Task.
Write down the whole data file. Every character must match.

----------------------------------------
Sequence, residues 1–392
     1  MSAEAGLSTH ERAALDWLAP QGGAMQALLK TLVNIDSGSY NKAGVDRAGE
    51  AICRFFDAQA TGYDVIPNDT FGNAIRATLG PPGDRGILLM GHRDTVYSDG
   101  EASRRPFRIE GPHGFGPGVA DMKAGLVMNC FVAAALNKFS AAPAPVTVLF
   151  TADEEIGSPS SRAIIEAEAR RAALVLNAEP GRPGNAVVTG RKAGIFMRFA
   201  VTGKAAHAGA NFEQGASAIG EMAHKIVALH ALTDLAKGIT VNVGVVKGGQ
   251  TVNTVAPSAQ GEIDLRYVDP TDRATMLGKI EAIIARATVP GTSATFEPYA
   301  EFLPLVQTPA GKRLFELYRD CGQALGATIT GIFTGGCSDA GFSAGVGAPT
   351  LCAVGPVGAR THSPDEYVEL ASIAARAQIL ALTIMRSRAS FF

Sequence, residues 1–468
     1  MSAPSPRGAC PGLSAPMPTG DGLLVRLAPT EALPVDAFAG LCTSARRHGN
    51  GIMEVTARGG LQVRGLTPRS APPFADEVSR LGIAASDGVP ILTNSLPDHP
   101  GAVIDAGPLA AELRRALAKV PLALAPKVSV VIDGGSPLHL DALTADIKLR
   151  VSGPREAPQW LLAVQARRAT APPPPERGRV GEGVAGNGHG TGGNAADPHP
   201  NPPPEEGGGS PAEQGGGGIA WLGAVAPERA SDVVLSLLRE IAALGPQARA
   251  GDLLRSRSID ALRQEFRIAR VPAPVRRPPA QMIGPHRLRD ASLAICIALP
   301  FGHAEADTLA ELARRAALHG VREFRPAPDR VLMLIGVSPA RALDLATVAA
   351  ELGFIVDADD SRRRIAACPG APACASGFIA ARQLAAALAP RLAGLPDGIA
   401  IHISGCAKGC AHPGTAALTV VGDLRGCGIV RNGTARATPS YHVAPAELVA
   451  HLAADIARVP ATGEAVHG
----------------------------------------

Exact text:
Sequence, residues 1–392
     1  MSAEAGLSTH ERAALDWLAP QGGAMQALLK TLVNIDSGSY NKAGVDRAGE
    51  AICRFFDAQA TGYDVIPNDT FGNAIRATLG PPGDRGILLM GHRDTVYSDG
   101  EASRRPFRIE GPHGFGPGVA DMKAGLVMNC FVAAALNKFS AAPAPVTVLF
   151  TADEEIGSPS SRAIIEAEAR RAALVLNAEP GRPGNAVVTG RKAGIFMRFA
   201  VTGKAAHAGA NFEQGASAIG EMAHKIVALH ALTDLAKGIT VNVGVVKGGQ
   251  TVNTVAPSAQ GEIDLRYVDP TDRATMLGKI EAIIARATVP GTSATFEPYA
   301  EFLPLVQTPA GKRLFELYRD CGQALGATIT GIFTGGCSDA GFSAGVGAPT
   351  LCAVGPVGAR THSPDEYVEL ASIAARAQIL ALTIMRSRAS FF

Sequence, residues 1–468
     1  MSAPSPRGAC PGLSAPMPTG DGLLVRLAPT EALPVDAFAG LCTSARRHGN
    51  GIMEVTARGG LQVRGLTPRS APPFADEVSR LGIAASDGVP ILTNSLPDHP
   101  GAVIDAGPLA AELRRALAKV PLALAPKVSV VIDGGSPLHL DALTADIKLR
   151  VSGPREAPQW LLAVQARRAT APPPPERGRV GEGVAGNGHG TGGNAADPHP
   201  NPPPEEGGGS PAEQGGGGIA WLGAVAPERA SDVVLSLLRE IAALGPQARA
   251  GDLLRSRSID ALRQEFRIAR VPAPVRRPPA QMIGPHRLRD ASLAICIALP
   301  FGHAEADTLA ELARRAALHG VREFRPAPDR VLMLIGVSPA RALDLATVAA
   351  ELGFIVDADD SRRRIAACPG APACASGFIA ARQLAAALAP RLAGLPDGIA
   401  IHISGCAKGC AHPGTAALTV VGDLRGCGIV RNGTARATPS YHVAPAELVA
   451  HLAADIARVP ATGEAVHG